Note:  Certain businesses like health care, banking, pharmaceuticals, etc. that tend to be very heavily driven by risk and compliance are likely to have entire teams dedicated to these areas. This might mean that a team outside of IT is actually driving those aspects of the project, but it is still appropriate to consider them part of the data governance initiative because the focus is on the data itself and not the information and knowledge that can be derived from the data.

Just about every company out there knows about the aforementioned aspects of data governance. They don't want people within the company accessing data they should not. They don't want data leaving the company and falling into the wrong hands. They must fulfill specific governmental and regulatory requirements in order to stay in business. Though not every company dedicates the time, effort, and funding required, the need is generally quite obvious.

Less obvious, though, is the need for information governance. Companies assign value to data by default when they decide that it is important to secure it. That is part of risk management - how much is it worth in dollars, reputation, etc. to have specific data stolen. However, there is also a huge amount of potential value in information that tends to go un-quantified. A lot of companies understand that they should use the data they produce to do something, but they have a difficult time building the business case and the large-scale implementation plan required to achieve what they need. This is where information governance helps. Though the initiative still requires IT support via the appropriate tools, information governance is much more business-centric. It focuses on data classification and metadata, data architecture and availability, data quality both via business and technical processes, data awareness and literacy, information life cycle management, stewardship, and value creation. As noted previously, there is some overlap with data governance, and there are certainly technical aspects typically handled by IT. However, the initiative is really about business colleagues helping to produce clean data by using their platforms correctly and then having access to that data with a high level of literacy and a sense of ownership so that they can ensure that it is of high quality and use it to create information, knowledge, and eventually value. Information governance is the framework that allows a company to assess their current state, create a plan for the future, and track progress towards the final goals. It is also a great basis for creating a business case for undertaking something like building a Data and Analytics program.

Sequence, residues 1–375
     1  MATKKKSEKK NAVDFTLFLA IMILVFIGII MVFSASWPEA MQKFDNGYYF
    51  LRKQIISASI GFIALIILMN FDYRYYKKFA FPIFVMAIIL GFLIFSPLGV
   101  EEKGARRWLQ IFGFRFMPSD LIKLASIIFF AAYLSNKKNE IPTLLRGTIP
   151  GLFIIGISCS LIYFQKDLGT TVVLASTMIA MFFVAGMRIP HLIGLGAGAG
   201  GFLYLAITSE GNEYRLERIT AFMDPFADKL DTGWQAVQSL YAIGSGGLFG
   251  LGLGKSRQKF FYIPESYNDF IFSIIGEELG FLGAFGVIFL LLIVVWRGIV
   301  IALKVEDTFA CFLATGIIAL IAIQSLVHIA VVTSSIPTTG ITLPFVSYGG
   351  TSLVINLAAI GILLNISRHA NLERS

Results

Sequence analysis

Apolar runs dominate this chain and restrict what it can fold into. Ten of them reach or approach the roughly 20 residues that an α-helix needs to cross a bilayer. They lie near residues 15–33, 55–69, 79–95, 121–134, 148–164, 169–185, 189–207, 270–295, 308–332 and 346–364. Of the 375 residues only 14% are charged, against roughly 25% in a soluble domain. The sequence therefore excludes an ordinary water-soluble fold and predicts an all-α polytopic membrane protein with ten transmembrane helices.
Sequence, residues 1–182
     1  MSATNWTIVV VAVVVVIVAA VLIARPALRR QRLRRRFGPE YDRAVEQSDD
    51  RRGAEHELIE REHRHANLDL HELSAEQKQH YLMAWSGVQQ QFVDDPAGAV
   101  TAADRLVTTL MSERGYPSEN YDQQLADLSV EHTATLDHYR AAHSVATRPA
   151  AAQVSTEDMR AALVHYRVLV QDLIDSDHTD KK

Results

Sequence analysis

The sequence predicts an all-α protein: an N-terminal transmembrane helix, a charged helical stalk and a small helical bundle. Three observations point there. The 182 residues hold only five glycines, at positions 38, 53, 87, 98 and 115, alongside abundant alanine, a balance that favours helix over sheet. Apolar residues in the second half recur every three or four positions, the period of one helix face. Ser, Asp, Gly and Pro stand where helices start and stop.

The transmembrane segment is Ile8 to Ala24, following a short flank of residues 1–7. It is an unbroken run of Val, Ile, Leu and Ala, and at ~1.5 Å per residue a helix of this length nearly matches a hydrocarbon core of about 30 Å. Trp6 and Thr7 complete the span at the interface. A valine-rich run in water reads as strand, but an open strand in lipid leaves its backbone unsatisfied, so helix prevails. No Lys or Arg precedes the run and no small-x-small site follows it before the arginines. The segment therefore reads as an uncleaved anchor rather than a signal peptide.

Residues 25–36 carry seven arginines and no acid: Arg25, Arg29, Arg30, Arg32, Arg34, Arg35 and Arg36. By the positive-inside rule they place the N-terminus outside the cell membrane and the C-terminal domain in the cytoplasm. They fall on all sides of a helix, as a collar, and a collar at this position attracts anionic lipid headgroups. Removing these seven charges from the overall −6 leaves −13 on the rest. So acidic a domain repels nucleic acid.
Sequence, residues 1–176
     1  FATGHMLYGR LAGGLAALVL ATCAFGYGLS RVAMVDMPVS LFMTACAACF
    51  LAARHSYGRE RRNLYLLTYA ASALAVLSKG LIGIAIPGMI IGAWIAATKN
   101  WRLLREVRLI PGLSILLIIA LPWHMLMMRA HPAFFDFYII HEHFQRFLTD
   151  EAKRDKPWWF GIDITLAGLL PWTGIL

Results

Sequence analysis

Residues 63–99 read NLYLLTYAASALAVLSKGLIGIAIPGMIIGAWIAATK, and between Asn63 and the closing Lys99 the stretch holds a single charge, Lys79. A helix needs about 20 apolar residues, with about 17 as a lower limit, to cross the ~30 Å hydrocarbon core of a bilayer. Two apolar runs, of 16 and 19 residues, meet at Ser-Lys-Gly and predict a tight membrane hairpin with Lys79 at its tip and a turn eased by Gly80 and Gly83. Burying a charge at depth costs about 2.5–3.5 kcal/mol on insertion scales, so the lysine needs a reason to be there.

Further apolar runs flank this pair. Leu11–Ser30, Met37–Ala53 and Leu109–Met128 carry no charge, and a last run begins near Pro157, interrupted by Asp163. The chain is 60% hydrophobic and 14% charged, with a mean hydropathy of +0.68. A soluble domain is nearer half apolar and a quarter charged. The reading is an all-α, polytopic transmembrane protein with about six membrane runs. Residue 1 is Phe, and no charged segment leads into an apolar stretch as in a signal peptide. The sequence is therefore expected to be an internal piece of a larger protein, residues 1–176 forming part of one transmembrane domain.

This leads to my second and third arguments for having separate data and information governance initiatives.

2) Information governance is often overlooked. Most companies have some sort of structured plan for addressing security, risk management, etc. around their data, but they frequently do not have a structured plan to address the actual use of that data to turn it into information and knowledge so that they can derive value. Splitting the initiatives ensures that ample focus can be applied to both.

3) There is a separation of duties required to focus on the appropriate aspects of governing data and governing information that can best be achieved by having IT run the data governance while folks on the business side run the information governance. Of course, there is some overlap and significant collaboration required to be successful.